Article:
We’re not watching Worzel Gummidge for our blog, and that’s a shame. Three months ago, I wrote another entry in this occasional series, about The Space Giants, a program that’s never been available in English on home video. Worzel Gummidge has been released, but the DVDs that you can track down from Amazon UK have apparently been made from very poor condition prints. Since I’ve read so many complaints about their quality, I’ve decided against making the investment, though I hope somebody will remaster and reissue the show in the next few years.

I did see about ten episodes of the series quite some time ago, back in the VHS tape trading days. I was skeptical, as perhaps you might be. It’s a children’s series starring Jon Pertwee as a scarecrow. But holy anna, it’s so much more than that. This program is absolutely intoxicating, charming, anarchic, and completely hilarious.

Worzel Gummidge is set in a world where anything that has been built to look like a human can come to life. That includes scarecrows, mannequins, fairground aunt sallies, the statue of a busty woman on the prow of a ship, you name it. Mayhem ensues. Outright lunacy.

Two kids, played by Charlotte Coleman and Jeremy Austin, get let in on the secret: there’s a strange tramp called the Crowman (Geoffrey Bayldon) who goes around building scarecrows and giving them life. The scarecrows have laws, rules, regulations, and different heads for different occasions. Worzel Gummidge, dirty and uneducated unless he’s wearing the correct head, dreams of the good life, a fine house, a cup of tea and a slice of cake, and the hand of the beautiful Aunt Sally. She is a scheming, double-crossing, jealous, manipulative masterpiece of TV villainy played by Una Stubbs, and she only has eyes for Worzel when it suits her.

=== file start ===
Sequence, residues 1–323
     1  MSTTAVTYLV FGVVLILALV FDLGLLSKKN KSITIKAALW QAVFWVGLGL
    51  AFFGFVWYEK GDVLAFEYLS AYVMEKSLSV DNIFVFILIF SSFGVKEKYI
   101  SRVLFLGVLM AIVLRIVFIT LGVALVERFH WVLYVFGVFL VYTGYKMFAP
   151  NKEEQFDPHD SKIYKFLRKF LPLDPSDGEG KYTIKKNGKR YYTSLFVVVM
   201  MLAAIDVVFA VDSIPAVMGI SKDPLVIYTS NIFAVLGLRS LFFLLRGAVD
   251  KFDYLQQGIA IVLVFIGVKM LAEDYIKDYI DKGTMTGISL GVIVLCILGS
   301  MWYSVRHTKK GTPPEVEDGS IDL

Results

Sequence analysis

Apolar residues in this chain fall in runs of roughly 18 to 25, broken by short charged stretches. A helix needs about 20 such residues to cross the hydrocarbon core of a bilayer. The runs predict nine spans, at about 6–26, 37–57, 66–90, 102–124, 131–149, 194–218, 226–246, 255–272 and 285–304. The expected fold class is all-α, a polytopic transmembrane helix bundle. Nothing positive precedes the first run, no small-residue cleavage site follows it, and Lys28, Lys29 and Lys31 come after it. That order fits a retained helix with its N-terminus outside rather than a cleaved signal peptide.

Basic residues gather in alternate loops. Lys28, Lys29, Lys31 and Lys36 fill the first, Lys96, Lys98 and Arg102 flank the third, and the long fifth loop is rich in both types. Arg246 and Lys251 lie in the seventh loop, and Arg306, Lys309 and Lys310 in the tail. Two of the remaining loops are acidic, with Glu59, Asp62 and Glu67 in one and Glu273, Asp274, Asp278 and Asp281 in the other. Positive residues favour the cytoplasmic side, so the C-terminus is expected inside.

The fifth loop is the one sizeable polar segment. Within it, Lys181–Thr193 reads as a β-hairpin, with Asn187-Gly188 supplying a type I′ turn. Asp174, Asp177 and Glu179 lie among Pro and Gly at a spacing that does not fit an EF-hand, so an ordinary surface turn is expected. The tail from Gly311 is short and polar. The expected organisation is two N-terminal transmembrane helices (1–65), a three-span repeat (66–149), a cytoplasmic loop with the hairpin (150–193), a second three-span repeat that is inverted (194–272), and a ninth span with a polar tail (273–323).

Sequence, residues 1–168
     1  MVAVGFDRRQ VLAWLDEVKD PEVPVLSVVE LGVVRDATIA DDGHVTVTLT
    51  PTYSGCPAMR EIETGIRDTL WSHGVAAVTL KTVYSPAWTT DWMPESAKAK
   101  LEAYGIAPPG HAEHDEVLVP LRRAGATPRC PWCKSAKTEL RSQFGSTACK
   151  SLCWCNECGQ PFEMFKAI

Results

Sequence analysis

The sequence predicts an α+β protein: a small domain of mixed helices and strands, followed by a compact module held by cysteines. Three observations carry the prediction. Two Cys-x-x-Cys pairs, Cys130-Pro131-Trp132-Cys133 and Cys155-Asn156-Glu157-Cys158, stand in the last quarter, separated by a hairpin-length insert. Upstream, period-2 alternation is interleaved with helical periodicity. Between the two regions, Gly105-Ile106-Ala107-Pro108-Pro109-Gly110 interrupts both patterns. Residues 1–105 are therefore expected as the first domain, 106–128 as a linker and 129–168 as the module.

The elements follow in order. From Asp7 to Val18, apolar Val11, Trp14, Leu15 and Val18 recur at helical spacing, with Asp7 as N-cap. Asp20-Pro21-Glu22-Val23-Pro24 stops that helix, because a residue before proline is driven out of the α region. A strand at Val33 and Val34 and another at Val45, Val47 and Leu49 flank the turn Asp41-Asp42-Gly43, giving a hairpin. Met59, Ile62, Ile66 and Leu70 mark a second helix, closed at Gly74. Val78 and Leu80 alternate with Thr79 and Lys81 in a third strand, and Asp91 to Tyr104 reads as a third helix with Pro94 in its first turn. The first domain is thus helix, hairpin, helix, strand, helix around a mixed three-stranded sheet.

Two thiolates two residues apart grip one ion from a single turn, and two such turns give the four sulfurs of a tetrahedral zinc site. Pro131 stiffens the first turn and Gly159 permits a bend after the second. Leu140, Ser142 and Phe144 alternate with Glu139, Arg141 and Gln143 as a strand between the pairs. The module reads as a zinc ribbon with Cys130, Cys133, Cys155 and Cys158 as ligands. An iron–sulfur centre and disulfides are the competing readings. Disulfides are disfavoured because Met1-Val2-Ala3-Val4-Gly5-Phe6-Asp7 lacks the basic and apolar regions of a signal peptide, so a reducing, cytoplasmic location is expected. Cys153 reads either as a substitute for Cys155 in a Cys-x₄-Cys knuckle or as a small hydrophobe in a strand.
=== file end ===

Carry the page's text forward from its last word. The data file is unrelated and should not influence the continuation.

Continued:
As the show went on, a who’s who of British comedy made thunderously funny appearances, either as shocked upper-class toffs or other creatures with weird life that upend everything. Joan Sims shows up frequently in the first two series as Mrs. Bloomsbury-Barton, and with a name like that, you know a dirty, horrible scarecrow is going to destroy her garden fetes. Other people cruising in for craziness include Bernard Cribbins, Barbara Windsor, Bill Maynard, Connie Booth, Billy Connolly, John Le Mesurier, and Talfyrn Thomas.

One of the UK’s commercial channels, Southern TV, made 31 episodes between 1979-81. The whole show was made on 16 mm film on location in various villages in rural England, so it doesn’t have that stagey videotape feel. I think almost the entire series was directed by James Hill, who’s probably best known for directing Born Free and the 1971 Black Beauty, but also a lot of ITC dramas and some of The Avengers.

After Southern TV was closed down in a franchise change with the ITV network, the show was shelved for a while, and TVNZ then continued the program with Hill, Pertwee, and Stubbs with 22 episodes of Worzel Gummidge Down Under from 1987-89, but there was a different Crowman in New Zealand, played by Bruce Phillips. I’ve never seen any of these, but understand that they’re lacking a little of the original’s spark, possibly because they had different writers and they didn’t have the same deep bench of well-known comedy guest stars.

Anyway, my interest was reignited when I read about Stuart Manning’s The Worzel Book, published by a small specialist company in the UK called Miwk. The book had enough rave reviews for me to take the risk, and it turns out to be one of the best books about TV that I’ve ever read, dense with photographs, interviews, and background information. Click the image above to get a copy from Miwk yourself. If this book doesn’t leave you badly wanting to see this series, something may well be wrong with you.

Unfortunately, the only way to get all 53 episodes in one place is to shell out a pretty fair chunk of change (£69.95 now) for an out-of-print box set, and if my old VHS boots and the samples you can see on YouTube are any indication, the picture and sound quality is just too poor at that price, especially with cash a little tight at home right now. My fingers are crossed that somebody will remaster the program very soon, because I’d love to watch it with our son before he gets too old and jaded. Anytime between now and 2022 will do just fine. How about it, Network? Simply? Do it fer ol’ Worzel!